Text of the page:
Alt-C 2007 – Day 1

I’m now in Nottingham at ALT-C – which is a much larger conference than I’ve got used to! There are people everywhere – and a choice of 9 sessions to attend each time.

The first Keynote was Michele Selinger (link to Elluminate recording), who spoke about a range of different “chasms” – and how we might get over them. I was particularly interested in the north/south issues. She also mentioned podcasts quite a few times, though not really how she saw them being used. From what I’ve seen, and other posters that are here, etc., I’m not sure that many students would want podcasts as an alternative to a lecture; though as a revision aid/ catch up tool for missed lectures, I can see that they’re useful.

The majority / Western divide came up again in a later session, when Alanna Fitzgerald discussed the “Overcoming Poverty project”; which aims to have a range of case studies looking at overcoming poverty, through initiatives such as the Grameen Bank.

Sue Rivers looked at the ideas of “Online Silence”. It’s an interesting concept, as it seems that as academic staff, we can cope much better with students who listen to class discussions, only commenting occasionally, but in the online environment, students who are reading but not writing are seen as “lurkers”. A friend, in a different situation, has used the description “listeners”, which I prefer, as lurking does have rather negative connotations. She said that few of the students partipated (Sue herself was both student and researcher), though the students were working in the eLearning field. The question that I would have asked, had there been the time, was if any of those non-partipating students were intending to use discussions with their students…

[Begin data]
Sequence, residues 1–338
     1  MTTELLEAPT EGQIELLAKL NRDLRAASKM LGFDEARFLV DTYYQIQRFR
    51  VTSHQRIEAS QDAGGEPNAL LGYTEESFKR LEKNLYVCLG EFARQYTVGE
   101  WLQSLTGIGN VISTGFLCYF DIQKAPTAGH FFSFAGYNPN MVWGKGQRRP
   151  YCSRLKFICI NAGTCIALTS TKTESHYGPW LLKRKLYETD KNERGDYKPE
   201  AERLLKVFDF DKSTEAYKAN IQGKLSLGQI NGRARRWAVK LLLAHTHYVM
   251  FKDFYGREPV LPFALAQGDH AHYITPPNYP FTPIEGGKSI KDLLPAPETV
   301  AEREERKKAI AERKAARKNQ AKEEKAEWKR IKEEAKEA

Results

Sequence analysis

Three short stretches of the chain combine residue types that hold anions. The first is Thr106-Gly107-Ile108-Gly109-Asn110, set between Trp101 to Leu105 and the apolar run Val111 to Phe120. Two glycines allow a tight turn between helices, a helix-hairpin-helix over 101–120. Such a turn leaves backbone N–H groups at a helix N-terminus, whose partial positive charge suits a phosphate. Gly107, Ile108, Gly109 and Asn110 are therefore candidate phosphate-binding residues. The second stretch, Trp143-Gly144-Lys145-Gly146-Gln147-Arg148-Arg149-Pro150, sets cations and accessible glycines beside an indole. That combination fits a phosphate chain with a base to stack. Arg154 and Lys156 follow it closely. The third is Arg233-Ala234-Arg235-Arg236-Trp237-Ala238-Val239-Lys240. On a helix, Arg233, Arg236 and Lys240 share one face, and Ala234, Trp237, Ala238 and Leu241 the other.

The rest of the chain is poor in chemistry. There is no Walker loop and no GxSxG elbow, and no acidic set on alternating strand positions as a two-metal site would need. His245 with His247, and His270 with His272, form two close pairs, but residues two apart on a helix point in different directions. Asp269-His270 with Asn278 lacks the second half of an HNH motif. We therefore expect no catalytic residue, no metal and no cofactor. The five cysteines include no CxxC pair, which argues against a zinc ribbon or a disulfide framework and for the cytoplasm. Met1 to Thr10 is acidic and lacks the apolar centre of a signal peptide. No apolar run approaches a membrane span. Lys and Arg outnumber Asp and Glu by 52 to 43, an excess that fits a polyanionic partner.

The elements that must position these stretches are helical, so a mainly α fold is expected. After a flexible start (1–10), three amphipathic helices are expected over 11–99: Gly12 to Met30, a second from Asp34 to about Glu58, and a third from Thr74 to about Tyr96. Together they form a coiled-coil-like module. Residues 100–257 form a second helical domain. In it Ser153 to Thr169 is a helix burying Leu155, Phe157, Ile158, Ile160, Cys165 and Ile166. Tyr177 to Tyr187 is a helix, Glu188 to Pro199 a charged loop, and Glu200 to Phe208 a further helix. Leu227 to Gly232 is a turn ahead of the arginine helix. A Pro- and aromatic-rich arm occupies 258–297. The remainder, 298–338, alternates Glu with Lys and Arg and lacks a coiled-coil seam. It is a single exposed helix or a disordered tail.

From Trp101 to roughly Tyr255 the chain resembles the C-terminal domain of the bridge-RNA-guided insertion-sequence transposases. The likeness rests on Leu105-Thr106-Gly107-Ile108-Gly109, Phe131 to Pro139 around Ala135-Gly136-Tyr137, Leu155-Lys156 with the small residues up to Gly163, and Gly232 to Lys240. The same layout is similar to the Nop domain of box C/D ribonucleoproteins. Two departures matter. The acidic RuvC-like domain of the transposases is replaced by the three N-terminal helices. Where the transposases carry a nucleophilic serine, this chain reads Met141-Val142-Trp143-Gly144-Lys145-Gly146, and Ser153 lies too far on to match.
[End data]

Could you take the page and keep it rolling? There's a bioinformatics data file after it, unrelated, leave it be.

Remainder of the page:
One session that I found particularly interesting was Michael Cameron’s. He discussed a History Unit, where the lecturer, in the past, had had good student participation on the discussion board in Blackboard. Suddenly it had declined. Jo had, therefore done some investigating and had discovered the students were using Facebook. She joined, and, because the students liked her, she was invited to join the group that was set up for the unit. That gave her an insight into the things that they were discussing. While some were “What a boring lecture”, others were discussing the sort of things she wanted them to discuss; albeit rather informally! She was able to act as a broker – to get those students to refine and then post to the discussion boards.

In several papers, this same idea of drawing in things that students are doing outside, rather than moving out to join them seems to be coming up. I, too have an account on facebook, which some students have found & some have made me a friend. (Facebook doesn’t have a “I taught …” as reason for knowing another person)

Blogged with Flock

Tags: ,

Leave a Reply

Your email address will not be published. Required fields are marked *